FOR decades Robyn Lewis struggled with addiction, but thanks to her inner strength she was able to turn her life around completely.
Miss Lewis, from West Wyalong, said her problems started when she was only young, growing up in a violent household with an alcoholic father.
She started experimenting with alcohol and cigarettes in her teen years and was introduced to marijuana when she was 15.
By 17 she was given amphetamines for the first time which she said she had an “instant love affair with”.
By the time she was 21 she was injecting on a daily basis and had a gambling problem, which saw her lose $1 million over four decades.
Miss Lewis will be coming to Leeton and Griffith this month to share her story in a bid to show others there is a way out.
“In 2009 my boyfriend at the time was murdered and that in turn sent me spiraling down the path of anti depressants, which saw me put 31 kilos of weight on,” she said.
“I smoked on average 60 cigarettes daily and I was an emotional eater. I had no self worth nor self esteem.
“After decades of trying to gain sobriety (through a range of means) … I was at a all time low when I discovered a program in Newcastle called SMART recovery Australia.
“I attended the program for roughly four months which saw me fall on and off the wagon. Then one day I just got sick and tired of being sick and tired.”
On July 9, 2016 she threw everything in the bin and started to turn her life around for good. She changed her diet and ride her bike every day, losing 31 kilos and now calls herself a “fitness freak”.
No longer does she rely on any substances to get her through the day.
“What keeps me sober is the fact I have a very addictive personality and I now realise one is too many and a thousand would never be enough, so I respect that I can never use anything ever again,” Miss Lewis said.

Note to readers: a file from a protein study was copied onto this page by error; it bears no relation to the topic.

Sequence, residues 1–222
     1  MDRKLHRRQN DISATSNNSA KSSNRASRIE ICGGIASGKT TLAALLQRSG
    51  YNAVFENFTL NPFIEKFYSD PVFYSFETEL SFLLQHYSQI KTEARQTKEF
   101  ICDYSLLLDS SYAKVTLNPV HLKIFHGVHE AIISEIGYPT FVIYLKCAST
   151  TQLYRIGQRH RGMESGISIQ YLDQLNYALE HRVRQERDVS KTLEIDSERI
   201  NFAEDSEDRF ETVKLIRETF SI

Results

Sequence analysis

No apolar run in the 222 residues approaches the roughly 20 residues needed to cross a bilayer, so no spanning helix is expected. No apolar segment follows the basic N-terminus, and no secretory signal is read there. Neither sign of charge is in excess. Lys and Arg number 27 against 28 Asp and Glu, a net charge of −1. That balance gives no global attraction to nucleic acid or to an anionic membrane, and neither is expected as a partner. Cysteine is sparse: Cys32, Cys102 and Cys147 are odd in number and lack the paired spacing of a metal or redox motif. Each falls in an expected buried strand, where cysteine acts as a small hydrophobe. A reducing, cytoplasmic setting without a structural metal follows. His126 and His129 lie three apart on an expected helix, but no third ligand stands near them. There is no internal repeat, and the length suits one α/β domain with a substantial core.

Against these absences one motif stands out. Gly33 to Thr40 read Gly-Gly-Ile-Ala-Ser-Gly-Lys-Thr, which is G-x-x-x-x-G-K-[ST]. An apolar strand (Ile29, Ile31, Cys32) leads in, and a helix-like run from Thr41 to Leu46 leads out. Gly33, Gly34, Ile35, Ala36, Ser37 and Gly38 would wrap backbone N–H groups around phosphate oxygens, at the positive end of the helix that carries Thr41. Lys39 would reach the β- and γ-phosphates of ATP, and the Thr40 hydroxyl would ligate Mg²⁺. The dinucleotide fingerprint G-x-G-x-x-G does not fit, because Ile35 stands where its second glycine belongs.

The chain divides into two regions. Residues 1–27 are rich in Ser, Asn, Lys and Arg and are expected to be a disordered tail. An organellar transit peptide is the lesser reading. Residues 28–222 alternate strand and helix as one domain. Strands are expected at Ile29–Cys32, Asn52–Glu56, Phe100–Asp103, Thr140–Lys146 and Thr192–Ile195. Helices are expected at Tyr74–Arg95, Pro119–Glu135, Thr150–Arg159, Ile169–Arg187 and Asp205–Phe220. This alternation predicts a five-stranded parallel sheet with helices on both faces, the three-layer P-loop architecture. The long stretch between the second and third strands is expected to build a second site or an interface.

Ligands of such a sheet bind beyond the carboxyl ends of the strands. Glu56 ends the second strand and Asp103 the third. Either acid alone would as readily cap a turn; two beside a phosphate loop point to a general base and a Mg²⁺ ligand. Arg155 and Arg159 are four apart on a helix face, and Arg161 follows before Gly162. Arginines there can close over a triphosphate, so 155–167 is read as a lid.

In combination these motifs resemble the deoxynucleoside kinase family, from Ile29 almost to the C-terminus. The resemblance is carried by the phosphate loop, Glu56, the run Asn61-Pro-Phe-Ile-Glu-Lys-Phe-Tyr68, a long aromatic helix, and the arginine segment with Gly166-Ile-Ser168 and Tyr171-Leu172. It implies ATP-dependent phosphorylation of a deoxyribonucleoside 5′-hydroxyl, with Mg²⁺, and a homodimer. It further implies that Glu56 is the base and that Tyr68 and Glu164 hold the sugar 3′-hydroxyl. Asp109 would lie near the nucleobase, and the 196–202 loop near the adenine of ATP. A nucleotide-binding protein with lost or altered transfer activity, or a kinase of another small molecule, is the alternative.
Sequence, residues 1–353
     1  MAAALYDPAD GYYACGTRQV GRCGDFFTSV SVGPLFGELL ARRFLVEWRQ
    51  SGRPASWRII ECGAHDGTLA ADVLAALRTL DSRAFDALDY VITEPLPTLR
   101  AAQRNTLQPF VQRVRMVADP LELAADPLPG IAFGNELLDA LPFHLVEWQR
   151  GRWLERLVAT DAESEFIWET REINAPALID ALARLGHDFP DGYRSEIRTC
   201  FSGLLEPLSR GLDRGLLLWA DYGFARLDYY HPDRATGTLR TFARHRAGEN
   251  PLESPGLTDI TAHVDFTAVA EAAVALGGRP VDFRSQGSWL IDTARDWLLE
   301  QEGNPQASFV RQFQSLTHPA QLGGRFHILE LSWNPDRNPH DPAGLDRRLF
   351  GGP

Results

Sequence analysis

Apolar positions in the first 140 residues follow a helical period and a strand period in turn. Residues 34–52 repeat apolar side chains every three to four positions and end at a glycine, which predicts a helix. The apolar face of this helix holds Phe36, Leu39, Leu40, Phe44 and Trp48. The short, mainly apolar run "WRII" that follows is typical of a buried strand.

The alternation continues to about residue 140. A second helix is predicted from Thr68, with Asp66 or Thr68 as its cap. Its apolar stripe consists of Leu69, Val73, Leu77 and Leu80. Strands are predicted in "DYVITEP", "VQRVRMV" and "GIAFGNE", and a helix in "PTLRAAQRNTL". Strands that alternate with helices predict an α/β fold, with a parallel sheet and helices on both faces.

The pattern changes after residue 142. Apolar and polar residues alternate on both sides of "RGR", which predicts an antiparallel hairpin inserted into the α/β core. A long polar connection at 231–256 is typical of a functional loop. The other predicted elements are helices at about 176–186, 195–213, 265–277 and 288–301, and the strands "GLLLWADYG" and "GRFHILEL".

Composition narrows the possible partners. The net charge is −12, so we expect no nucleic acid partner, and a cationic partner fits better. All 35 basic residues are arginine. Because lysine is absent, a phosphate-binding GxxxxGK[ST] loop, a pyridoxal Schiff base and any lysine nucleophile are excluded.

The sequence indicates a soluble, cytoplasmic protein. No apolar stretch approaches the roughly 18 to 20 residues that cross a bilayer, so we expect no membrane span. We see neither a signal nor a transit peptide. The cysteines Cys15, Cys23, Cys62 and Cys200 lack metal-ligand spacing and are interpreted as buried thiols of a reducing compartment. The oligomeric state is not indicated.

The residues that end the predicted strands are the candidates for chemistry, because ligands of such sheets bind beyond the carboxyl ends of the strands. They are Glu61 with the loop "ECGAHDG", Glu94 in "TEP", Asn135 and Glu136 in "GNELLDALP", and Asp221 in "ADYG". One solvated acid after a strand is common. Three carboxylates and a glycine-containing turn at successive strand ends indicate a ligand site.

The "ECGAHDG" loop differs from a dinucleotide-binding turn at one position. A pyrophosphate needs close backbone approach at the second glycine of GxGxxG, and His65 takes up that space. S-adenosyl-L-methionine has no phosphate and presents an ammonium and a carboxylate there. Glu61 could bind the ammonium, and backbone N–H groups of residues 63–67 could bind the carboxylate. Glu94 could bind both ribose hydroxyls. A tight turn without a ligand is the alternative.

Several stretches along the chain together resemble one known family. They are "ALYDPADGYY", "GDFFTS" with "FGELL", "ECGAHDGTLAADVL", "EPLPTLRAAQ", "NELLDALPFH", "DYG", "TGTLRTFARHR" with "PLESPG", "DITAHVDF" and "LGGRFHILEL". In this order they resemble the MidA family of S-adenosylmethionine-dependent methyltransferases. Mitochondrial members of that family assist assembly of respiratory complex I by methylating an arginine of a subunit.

“SMART recovery stands for self management and recovery training.
“It is a peer-based group where the participants talk about the here and now of the last seven days and the next seven days.
“The groups are usually run by people like myself who have lived and experienced SMART.
“There is no labeling such as ‘drunk’ or ‘junkie’.
“SMART is very respectful of people's feelings, that's why we don't label people struggling with substances.
“I believe SMART recovery is very unique and it is the way of the future in regards to combating substance abuse.”
Miss Lewis said those struggling with any form of substance abuse should know there is always a way out.
“My advice to anyone struggling is to stay connected with their friends and family because the opposite of addiction is connection,” she said.
“If u isolate yourself from loved ones we are most likely to stay in addictions because of the isolation.
“When I speak I explain to the listeners about every aspect of the drug ice. I explain what the tell tale signs of ice are and how SMART recovery works and how to access the program.”
She will share her story at the East Griffith Rotary meeting on June 20 at 6.30pm and at the Leeton Avanti group at 7am on June 21. All are welcome to attend.
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